A broken bone is an incredibly common injury, and many of us have broken at least one bone in our body, even if it was when we were a child. While these orthopedic injuries do heal, they can be quite unpleasant and can severely disrupt your life for weeks, months, or even over a year if the injury is serious or there are complications. Furthermore, when the injury is the result of someone else’s negligence in an accident or from an injury received at work, you’re likely entitled to compensation by making an accident claim with the at-fault party.  

If you’d like to meet with an orthopedic injury lawyer about a recent accident, call us at Stilberth, Scarlati & Boudreau, LLC. We can represent clients throughout the Chicago, Illinois, area including Cook County and the collar counties.  



Common Orthopedic Injuries

Many people think that orthopedic injuries only consist of broken bones or a fracture, but really they refer to any injury that occurs to the musculoskeletal system. Some common orthopedic injuries include: 

  • broken bones 

  • fractures 

  • dislocation 

  • joint injuries 

  • ligament injuries 

  • tendon injuries 

  • torn meniscus 

  • carpal tunnel syndrome 

  • tennis elbow 

  • torn ACL 

  • sprains 

  • strains 

  • plantar fasciitis 

  • torn rotator cuffs 

Causes of Orthopedic Injuries

As you’re probably well aware, accidents aren’t the only way that people can suffer from an orthopedic injury. These can also come about if someone has a chronic degenerative condition, a congenital disorder that affects their bones or muscles, a spine disorder, or simply as part of the aging process.  

However, accidents do account for a substantial number of these injuries and it’s here that you may be able to pursue a personal injury claim. Some common accidents are listed below:   

  • Work accidents: When you’re injured on the job while performing your regular duties you’ll more than likely qualify for workers’ compensation since nearly every employee in the state is required to be covered. Any kind of injury can occur due to a workplace accident, but these can also include repetitive stress injuries like carpal tunnel syndrome as well as injuries that exacerbate an existing condition.  

  • Car accidents: Many injuries stemming from car accidents can result in orthopedic injuries, the most common being torn ligaments, spinal cord injuries, fractures, and whiplash.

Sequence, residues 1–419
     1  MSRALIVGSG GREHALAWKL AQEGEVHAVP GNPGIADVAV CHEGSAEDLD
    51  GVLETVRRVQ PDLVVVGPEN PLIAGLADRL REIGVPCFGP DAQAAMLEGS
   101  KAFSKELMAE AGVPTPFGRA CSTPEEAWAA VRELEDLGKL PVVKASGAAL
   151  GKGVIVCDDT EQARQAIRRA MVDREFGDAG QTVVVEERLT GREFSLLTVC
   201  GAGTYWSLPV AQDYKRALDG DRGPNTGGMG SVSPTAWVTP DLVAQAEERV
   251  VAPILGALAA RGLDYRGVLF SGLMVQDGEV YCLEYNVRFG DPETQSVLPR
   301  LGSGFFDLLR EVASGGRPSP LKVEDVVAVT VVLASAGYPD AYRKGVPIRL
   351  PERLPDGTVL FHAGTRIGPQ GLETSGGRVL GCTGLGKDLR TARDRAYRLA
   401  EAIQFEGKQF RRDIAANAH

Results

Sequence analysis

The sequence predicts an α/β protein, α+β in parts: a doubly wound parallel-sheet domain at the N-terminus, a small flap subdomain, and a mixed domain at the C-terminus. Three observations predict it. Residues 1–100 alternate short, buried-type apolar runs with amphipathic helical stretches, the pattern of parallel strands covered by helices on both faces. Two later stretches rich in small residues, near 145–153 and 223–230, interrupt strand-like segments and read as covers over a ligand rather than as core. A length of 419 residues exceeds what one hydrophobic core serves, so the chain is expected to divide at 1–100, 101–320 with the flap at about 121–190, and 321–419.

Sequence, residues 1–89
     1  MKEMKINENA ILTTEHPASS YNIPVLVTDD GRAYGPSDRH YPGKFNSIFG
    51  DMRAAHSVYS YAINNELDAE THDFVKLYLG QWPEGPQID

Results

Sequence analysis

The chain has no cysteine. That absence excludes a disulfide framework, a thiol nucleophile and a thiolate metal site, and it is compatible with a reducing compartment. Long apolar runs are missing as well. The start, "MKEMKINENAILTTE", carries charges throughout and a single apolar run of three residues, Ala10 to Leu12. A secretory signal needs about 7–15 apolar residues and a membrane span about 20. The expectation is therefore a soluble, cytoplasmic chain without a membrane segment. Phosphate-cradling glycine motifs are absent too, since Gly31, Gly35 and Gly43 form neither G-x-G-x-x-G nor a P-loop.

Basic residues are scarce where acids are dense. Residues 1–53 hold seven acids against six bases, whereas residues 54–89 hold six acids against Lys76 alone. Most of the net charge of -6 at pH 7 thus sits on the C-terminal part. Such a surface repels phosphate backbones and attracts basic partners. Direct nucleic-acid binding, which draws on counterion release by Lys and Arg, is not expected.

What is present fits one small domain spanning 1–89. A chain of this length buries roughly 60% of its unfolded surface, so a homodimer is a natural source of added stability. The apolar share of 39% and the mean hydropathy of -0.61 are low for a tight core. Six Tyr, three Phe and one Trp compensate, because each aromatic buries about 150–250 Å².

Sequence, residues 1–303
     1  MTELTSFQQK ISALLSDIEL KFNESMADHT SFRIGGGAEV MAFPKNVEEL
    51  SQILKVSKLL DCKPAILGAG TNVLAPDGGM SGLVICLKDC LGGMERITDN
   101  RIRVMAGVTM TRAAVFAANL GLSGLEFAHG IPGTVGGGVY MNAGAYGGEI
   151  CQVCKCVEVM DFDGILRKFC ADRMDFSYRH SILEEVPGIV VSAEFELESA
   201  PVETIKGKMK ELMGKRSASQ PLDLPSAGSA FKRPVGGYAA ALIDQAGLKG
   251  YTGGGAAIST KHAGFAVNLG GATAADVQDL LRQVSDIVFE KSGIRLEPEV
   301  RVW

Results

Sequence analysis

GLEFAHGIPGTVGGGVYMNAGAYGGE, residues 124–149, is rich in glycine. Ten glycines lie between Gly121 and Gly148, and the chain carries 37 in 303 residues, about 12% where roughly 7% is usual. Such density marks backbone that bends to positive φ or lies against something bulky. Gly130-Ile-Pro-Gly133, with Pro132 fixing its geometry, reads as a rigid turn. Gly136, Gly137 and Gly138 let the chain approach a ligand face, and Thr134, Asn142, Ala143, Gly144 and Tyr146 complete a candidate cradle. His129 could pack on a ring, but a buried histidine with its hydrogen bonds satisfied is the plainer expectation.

• Slip-and-falls: A slip-and-fall accident can occur for several reasons, such as slipping on a spill at a grocery store or tripping while walking down the sidewalk. During these incidents, the victim's fall can result in serious injuries to their joints, bones, and ligaments. When this happens, you may be able to work with a personal injury attorney to bring forward a premises liability claim against the individual or party at fault.   

The Legal Process for Orthopedic Injury Claims

When pursuing compensation for an orthopedic injury there are two main options: a personal injury claim or a workers’ compensation claim.  

  • A personal injury claim can be used to seek damages when you were injured in an accident that wasn’t your fault and occurred due to the negligence of another party. In the case of a car accident, you’ll first have to file an insurance claim against the other driver to collect damages before you can pursue a personal injury claim. Under any circumstances, you’ll need to gather and present evidence that clearly proves the fault of the other party and this can include police reports, witness testimony, photos or videos, doctor’s reports, and medical bills. In Illinois, you have two years from the date of the accident to file a personal injury lawsuit.  

  • If your injury occurred while at work, you will likely pursue a workers' comp claim. Under state law, all employers who have at least one employee are required to carry this coverage with only a few exceptions. And, although you can go through this process on your own, many people find it much easier to work with a workers’ compensation attorney to ensure they’re getting the compensation they deserve.  

Compensation Available 

Compensation for both a personal injury claim and workers’ comp should cover any expenses directly related to your injury including medical bills, rehabilitation, and lost wages. It can also cover non-economic damages such as pain and suffering or loss of consortium.  

It’s worth noting here that for an injury lawsuit, Illinois follows a comparative negligence rule. This rule acknowledges that fault can be shared between two parties and can reduce your overall settlement by an amount that correlates with your percentage of fault. For example, if you were found to be 40% at fault for an accident and your total settlement was $50,000, you would only be eligible to recover $30,000. 


If you’re in the Chicago, Illinois area and would like to speak with an experienced attorney about a recent orthopedic injury you received at work or in an accident, reach out to our team at Stiberth, Scarlati & Boudreau, LLC. We’re ready to help you pursue the compensation you deserve.